In our cohort, due to the opposing directions of changes in the fasting versus post-OGTT VPG values, the overall prevalence of GDM based on the new WHO criteria was similar in the summer and winter months and did not significantly vary by season. In contrast, previous literature suggests a positive correlation between increasing temperatures and overall GDM prevalence . While our findings differ from previous major reports, this may reflect the use of a new diagnostic criteria with lower threshold values. In example, Verburg et al., while finding overall prevalence of GDM to be greatest when tested in the summer months (correlating to an estimated date of conception in the winter), initial GDM screening was conducted via a 50 g glucose challenge test, with an abnormal threshold at > 7.8 mmol/L . Further, the HAPO cohort contains centrally analysed data in a single center in Belfast, with samples stored on ice and processed in climate-controlled laboratories. This contrasts to previous Australian studies which found a variation in GDM prevalence with season, however largely measured ambient temperature or were not climate controlled [1, 15]. Further supporting this point, Moses et al. (1995) found that, under an air conditioned environment, GDM prevalence did not significantly vary by season . Lastly, we noted a negative Pearson’s correlation between umbilical cord C-peptide and cord glucose with temperature at birth, consistent with the correlations at OGTT with fasting VPG and HbA1c. While this data does not prove causality regarding potential effects on fetal outcomes, it does provide a novel perspective to the existing literature, as so far, no study has examined neonatal parameters in this context.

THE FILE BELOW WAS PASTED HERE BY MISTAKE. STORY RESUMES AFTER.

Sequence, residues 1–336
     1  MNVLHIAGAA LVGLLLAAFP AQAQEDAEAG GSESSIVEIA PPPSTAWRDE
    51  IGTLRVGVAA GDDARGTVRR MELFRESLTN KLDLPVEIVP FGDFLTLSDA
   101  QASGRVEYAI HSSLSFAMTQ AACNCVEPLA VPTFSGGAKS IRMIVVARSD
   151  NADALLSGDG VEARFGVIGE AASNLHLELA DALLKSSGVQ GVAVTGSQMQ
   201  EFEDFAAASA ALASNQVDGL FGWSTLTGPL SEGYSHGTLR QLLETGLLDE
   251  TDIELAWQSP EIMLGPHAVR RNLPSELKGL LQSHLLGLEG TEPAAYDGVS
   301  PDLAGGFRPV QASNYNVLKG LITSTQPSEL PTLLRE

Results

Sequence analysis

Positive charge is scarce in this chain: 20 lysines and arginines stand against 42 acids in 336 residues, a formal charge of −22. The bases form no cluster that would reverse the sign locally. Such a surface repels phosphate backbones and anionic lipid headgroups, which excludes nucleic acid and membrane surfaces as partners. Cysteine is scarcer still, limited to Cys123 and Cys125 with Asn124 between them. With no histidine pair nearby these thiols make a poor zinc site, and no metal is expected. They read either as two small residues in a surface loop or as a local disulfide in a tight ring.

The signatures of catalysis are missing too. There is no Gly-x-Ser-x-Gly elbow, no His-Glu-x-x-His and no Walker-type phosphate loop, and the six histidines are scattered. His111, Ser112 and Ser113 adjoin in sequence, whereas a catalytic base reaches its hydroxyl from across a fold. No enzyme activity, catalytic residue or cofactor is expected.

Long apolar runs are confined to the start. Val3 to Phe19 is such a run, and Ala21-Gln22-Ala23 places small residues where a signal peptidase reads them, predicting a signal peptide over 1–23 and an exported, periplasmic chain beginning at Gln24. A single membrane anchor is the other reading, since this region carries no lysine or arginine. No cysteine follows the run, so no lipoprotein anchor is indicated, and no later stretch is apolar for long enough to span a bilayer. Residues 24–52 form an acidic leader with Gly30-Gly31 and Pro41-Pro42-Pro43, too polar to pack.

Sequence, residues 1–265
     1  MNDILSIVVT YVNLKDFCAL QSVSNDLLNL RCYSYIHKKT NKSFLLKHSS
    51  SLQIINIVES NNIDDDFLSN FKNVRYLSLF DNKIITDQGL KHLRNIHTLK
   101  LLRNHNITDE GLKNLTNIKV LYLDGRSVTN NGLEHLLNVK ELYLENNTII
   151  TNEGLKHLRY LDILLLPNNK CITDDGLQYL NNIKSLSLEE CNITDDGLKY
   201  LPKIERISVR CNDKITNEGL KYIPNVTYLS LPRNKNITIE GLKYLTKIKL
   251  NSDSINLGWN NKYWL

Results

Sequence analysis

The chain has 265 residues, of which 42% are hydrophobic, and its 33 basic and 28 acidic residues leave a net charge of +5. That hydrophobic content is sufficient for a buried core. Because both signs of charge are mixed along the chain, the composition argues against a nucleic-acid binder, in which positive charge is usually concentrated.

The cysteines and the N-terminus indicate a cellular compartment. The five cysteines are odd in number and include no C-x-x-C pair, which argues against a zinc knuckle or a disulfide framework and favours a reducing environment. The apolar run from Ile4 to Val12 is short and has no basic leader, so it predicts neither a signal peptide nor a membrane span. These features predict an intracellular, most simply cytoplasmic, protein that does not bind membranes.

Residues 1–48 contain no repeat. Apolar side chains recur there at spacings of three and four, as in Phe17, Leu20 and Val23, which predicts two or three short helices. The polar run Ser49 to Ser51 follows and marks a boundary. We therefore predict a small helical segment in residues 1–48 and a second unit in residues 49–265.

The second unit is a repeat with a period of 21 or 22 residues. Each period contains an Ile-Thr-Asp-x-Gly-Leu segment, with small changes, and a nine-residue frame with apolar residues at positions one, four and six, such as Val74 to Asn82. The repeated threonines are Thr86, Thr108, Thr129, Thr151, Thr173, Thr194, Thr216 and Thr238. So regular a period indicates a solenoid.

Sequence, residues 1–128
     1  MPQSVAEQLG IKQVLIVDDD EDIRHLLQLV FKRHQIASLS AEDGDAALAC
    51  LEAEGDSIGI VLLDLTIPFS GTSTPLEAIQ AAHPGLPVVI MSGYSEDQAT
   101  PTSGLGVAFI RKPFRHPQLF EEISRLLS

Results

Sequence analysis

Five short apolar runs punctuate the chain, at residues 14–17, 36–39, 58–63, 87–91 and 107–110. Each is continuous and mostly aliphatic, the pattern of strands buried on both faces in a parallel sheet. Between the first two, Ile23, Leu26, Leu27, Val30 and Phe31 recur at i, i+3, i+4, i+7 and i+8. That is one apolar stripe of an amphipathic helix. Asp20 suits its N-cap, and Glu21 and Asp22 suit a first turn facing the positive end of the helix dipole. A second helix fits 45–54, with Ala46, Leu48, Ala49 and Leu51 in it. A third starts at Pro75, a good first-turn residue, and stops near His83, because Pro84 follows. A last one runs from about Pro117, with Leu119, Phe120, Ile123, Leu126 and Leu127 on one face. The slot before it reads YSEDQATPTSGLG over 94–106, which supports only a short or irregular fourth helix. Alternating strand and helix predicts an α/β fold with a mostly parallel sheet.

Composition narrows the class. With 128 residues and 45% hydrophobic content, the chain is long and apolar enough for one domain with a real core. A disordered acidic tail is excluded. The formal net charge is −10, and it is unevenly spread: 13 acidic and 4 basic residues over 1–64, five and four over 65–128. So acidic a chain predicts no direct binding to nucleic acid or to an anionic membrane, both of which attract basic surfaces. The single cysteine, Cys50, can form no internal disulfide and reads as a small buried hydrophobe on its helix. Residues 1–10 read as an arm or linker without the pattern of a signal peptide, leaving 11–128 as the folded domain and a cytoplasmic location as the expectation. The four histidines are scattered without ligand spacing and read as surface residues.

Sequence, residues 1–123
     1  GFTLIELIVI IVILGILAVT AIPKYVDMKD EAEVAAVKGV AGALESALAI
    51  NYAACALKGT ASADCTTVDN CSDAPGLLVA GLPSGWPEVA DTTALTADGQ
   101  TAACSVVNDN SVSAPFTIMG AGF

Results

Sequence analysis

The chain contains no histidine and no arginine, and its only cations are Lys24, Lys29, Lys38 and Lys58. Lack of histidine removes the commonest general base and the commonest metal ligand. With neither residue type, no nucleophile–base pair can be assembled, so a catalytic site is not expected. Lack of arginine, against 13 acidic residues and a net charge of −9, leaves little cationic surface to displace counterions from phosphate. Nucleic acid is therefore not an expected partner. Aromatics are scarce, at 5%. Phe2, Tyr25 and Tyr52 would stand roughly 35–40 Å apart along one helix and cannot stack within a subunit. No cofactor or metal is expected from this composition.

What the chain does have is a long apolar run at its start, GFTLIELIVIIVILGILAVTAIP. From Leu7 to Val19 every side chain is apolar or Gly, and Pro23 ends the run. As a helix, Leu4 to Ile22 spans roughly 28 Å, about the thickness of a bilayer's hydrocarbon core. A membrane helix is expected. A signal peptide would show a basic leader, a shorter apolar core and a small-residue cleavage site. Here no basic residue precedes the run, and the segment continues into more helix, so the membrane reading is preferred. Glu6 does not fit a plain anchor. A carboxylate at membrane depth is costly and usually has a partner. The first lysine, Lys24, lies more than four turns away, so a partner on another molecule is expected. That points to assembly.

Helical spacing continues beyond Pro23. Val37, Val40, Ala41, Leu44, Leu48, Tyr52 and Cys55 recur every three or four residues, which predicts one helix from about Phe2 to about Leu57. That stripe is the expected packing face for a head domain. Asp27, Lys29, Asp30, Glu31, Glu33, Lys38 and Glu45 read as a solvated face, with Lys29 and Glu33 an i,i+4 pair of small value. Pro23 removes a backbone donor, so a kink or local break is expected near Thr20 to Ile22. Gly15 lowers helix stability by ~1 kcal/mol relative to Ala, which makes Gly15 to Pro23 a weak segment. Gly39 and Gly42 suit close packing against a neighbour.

Seasonal variations in fasting versus postprandial glucose values
The opposing trends seen between fasting VPG, HbA1c, HOMA-IR, and post-OGTT VPG may reflect differing underlying (patho) physiology. Elevated post-OGTT VPG may be attributed to a physiological adaptation to temperature changes. Previous studies have suggested that a fluctuation of apparent glucose tolerance (as measured by post-OGTT values) with ambient temperature could be due to a peripheral redistribution of blood flow between cutaneous and visceral vascular beds driven by a rise in core body temperature, resulting in less peripheral glucose extraction and higher VPG value . Alternatively, increased food intake may accompany Christmas vacation during the Australian summer months , though maternal weight and BMI did not differ between seasons. On the contrary, elevations in fasting VPG have been correlated to low serum vitamin D levels (as is common in colder climates), suggesting that an early gestation vitamin D deficiency alters glucose metabolism in later gestation . A high fasting VPG may also relate to circannual rhythms of melatonin, which exhibits direct inhibitory effects on insulin secretion . This is consistent with impaired fasting VPG reflecting a picture of declining β-cell function, as an inadequate insulin response is mounted to counteract gluconeogenic activity of the liver . Conversely, post-OGTT hyperglycemia may better reflect early impaired glucose tolerance, while maintaining plasma glucose levels in the fasting state [17, 18].
Role of seasonality on adverse neonatal outcomes